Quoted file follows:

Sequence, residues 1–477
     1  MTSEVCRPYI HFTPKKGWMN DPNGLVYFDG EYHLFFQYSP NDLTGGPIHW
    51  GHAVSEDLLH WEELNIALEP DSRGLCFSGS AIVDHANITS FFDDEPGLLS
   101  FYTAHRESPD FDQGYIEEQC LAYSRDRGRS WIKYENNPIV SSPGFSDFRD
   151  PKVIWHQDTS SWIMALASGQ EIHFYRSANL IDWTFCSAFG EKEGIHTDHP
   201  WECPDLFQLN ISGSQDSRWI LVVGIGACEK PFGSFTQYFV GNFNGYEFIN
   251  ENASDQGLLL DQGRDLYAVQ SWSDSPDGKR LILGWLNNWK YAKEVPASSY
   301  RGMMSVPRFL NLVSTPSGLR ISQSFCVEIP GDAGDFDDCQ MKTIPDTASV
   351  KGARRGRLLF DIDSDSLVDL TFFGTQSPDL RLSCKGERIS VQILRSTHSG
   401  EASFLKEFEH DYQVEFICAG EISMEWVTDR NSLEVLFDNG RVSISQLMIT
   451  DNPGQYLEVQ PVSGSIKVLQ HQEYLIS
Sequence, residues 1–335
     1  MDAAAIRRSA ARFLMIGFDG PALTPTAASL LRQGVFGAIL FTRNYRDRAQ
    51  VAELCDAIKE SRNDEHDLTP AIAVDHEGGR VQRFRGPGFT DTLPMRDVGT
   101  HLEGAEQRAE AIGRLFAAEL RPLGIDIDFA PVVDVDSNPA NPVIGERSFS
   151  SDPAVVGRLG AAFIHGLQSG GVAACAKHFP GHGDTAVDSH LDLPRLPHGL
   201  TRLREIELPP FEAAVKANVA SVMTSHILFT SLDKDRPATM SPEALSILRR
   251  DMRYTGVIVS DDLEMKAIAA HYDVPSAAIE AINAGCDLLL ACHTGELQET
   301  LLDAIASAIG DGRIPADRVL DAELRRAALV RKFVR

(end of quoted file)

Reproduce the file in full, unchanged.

Sequence, residues 1–477
     1  MTSEVCRPYI HFTPKKGWMN DPNGLVYFDG EYHLFFQYSP NDLTGGPIHW
    51  GHAVSEDLLH WEELNIALEP DSRGLCFSGS AIVDHANITS FFDDEPGLLS
   101  FYTAHRESPD FDQGYIEEQC LAYSRDRGRS WIKYENNPIV SSPGFSDFRD
   151  PKVIWHQDTS SWIMALASGQ EIHFYRSANL IDWTFCSAFG EKEGIHTDHP
   201  WECPDLFQLN ISGSQDSRWI LVVGIGACEK PFGSFTQYFV GNFNGYEFIN
   251  ENASDQGLLL DQGRDLYAVQ SWSDSPDGKR LILGWLNNWK YAKEVPASSY
   301  RGMMSVPRFL NLVSTPSGLR ISQSFCVEIP GDAGDFDDCQ MKTIPDTASV
   351  KGARRGRLLF DIDSDSLVDL TFFGTQSPDL RLSCKGERIS VQILRSTHSG
   401  EASFLKEFEH DYQVEFICAG EISMEWVTDR NSLEVLFDNG RVSISQLMIT
   451  DNPGQYLEVQ PVSGSIKVLQ HQEYLIS
Sequence, residues 1–335
     1  MDAAAIRRSA ARFLMIGFDG PALTPTAASL LRQGVFGAIL FTRNYRDRAQ
    51  VAELCDAIKE SRNDEHDLTP AIAVDHEGGR VQRFRGPGFT DTLPMRDVGT
   101  HLEGAEQRAE AIGRLFAAEL RPLGIDIDFA PVVDVDSNPA NPVIGERSFS
   151  SDPAVVGRLG AAFIHGLQSG GVAACAKHFP GHGDTAVDSH LDLPRLPHGL
   201  TRLREIELPP FEAAVKANVA SVMTSHILFT SLDKDRPATM SPEALSILRR
   251  DMRYTGVIVS DDLEMKAIAA HYDVPSAAIE AINAGCDLLL ACHTGELQET
   301  LLDAIASAIG DGRIPADRVL DAELRRAALV RKFVR